On the anniversary of Superstorm Sandy, New Jersey Gov. Chris Christie toured the state Tuesday to celebrate New Jersey’s progress in recovering from the devastating storm, but he also heard from residents whose lives are still in tatters.Visiting a flood-damaged firehouse in Seaside Park, with bare drywall and dangling wires, the governor said Tuesday was a day to remember volunteers and first responders who risked their lives to save others.
Christie, who stayed overnight at the governor’s beach house in neighboring Island Beach State Park, said he woke up struck by “just how much different we all feel a year later.”
“I want us to think of how much better things look today than they did a year ago, and celebrate that,” Christie said. “We also have to acknowledge that there’s still thousands of people out of their homes. For them, it doesn’t matter that there are tens of thousands of people back in their homes. I can’t break faith with these people. Until they’re back home, we can’t forget them. We are all not whole until everybody individually is whole.”
Christie is expected to be easily re-elected next week after a campaign in which he touted his handling of the storm aftermath as one of his main accomplishments. But he also has come under fire from some Sandy victims who have gotten little or no money from a multitude of federal and state aid programs.
One of them is Debbie Fortier of Brick, who came to Seaside Park to meet the governor. Walking out arm-in-arm with him after he had finished speaking at the firehouse, she told Christie how her family’s house had to be torn down and how her family has yet to receive any aid.
“We’re physically, emotionally and spiritually just drained,” she said after Christie left. “Does anybody hear us?”
She said she is on a waiting list “for everything,” and is particularly bitter that her family started to repair their storm-damaged house only to have inspectors later tell them it was too badly damaged to fix. They then had to knock it down and move into a friend’s basement.
“How long am I supposed to wait?” she asked. “It’s been a year. You can’t just not move forward.”
Fortier said she takes Christie at his word that help is on the way — whenever that might be.
Later in the day, Christie visited Union Beach, a Raritan Bay community devastated by the storm. A block away from where the governor visited a storm-damaged home being rebuilt by volunteers, James and Sharon O’Brien posted a large wooden sign on their front lawn protesting the exclusion of second homes from post-Sandy aid programs.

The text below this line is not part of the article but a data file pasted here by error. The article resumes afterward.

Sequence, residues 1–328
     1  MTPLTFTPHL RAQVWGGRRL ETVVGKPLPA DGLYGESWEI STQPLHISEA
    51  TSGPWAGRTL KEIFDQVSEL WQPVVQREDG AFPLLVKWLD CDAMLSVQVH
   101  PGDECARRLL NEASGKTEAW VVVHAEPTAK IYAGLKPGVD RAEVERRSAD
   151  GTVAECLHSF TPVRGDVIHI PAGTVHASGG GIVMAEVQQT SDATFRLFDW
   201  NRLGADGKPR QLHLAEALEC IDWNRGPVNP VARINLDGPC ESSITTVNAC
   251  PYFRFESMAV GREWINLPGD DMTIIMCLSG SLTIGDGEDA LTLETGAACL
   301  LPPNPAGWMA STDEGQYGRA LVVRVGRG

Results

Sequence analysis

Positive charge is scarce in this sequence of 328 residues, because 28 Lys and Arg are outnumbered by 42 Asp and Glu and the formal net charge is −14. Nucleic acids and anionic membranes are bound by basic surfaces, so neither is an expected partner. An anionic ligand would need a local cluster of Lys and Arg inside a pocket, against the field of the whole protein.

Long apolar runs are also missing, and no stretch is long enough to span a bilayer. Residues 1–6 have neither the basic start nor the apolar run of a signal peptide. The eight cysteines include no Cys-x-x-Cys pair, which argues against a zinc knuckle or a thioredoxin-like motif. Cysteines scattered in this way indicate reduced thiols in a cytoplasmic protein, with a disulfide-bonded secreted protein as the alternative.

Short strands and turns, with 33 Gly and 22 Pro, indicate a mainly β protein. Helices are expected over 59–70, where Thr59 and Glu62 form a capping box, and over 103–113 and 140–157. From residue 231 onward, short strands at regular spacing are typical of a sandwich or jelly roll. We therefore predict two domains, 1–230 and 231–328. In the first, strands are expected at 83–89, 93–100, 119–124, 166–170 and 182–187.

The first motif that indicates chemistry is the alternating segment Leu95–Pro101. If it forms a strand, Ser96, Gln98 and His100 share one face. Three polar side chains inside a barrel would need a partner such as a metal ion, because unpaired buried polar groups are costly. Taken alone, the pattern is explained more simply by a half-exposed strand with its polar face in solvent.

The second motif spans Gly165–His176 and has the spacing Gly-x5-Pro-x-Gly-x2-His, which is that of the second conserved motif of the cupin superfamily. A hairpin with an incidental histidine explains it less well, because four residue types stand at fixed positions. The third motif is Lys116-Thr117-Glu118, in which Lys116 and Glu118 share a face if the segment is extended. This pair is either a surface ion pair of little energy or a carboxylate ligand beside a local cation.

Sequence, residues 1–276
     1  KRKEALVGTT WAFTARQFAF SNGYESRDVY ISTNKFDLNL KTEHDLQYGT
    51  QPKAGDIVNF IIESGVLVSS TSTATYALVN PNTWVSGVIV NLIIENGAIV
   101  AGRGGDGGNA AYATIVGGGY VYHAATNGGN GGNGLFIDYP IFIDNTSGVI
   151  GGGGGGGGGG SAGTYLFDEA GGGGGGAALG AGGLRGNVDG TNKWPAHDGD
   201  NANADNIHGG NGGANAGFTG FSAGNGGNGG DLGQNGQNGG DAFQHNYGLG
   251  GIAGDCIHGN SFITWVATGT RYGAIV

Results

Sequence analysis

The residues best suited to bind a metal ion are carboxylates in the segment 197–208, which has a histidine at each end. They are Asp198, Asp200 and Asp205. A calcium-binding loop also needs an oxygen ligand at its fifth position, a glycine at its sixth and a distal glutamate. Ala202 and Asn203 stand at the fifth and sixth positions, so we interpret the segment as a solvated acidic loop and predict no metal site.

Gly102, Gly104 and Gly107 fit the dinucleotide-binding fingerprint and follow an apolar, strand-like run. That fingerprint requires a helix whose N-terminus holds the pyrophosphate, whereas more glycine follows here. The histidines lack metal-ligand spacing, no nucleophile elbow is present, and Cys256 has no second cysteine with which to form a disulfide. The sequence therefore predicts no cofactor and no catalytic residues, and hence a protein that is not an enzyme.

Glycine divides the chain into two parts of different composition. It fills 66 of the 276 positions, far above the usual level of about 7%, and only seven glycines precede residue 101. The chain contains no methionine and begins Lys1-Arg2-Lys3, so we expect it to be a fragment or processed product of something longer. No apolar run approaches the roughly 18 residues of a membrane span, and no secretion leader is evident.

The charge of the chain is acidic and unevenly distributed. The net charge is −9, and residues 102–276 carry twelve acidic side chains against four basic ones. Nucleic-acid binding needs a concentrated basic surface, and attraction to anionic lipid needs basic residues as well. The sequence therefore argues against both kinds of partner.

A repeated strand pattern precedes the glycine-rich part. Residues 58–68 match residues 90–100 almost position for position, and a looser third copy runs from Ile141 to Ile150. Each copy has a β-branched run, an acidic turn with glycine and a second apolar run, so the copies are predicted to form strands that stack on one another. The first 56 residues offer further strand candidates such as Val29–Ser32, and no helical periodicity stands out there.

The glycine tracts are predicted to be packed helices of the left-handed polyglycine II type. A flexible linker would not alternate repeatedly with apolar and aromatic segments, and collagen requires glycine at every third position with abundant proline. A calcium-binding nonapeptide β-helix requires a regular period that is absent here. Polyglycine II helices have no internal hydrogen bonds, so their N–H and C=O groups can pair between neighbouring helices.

“We need help, not boardwalks,” the sign read. “Second homes cost money, too. Landlords provide homes, not funnel cakes, high-priced games, stuffed animals or rides. Our second house is still a pile of dirt. Help one, help all.”
“I don’t mind getting people back into their primary homes,” Sharon O’Brien said. “But we should be exempted from taxes if we’re exempted from aid.”
As Christie was walking away, she called out, “Secondary home owners need help, too!” but there was no indication the governor heard her.
John Ciangiotto, a 75-year-old whose house was being repaired by the volunteers, said he initially didn’t want to stay in Union Beach; he said a contractor he hired disappeared after starting work. He said he is amazed at the help he has gotten from strangers.
“I’m as emotional today as I was the day of the storm,” he said.
Christie attended an interfaith service at Newark’s New Hope Baptist Church, where pastor Joe Carter said he misses the spirit of cooperation that emerged right after the storm.
“When the lights went out, nobody cared what color you were,” he said.
In a brief interview with The Associated Press outside the church, Christie said he has always believed it would take 18 to 24 months to get most people’s lives back to normal, “and it’s proven to be just that, and so we’re just going to keep working at it, there’s no reason for us to despair today.”
Later in the day Christie greeted firefighters in Sayreville, the Raritan Bay community where his administration just completed the purchase of two homes under a state buyout program for flood-prone areas. He also was to attend a ceremony in Belmar, the first shore town to rebuild its boardwalk after the storm, and one in storm-tossed Sea Bright.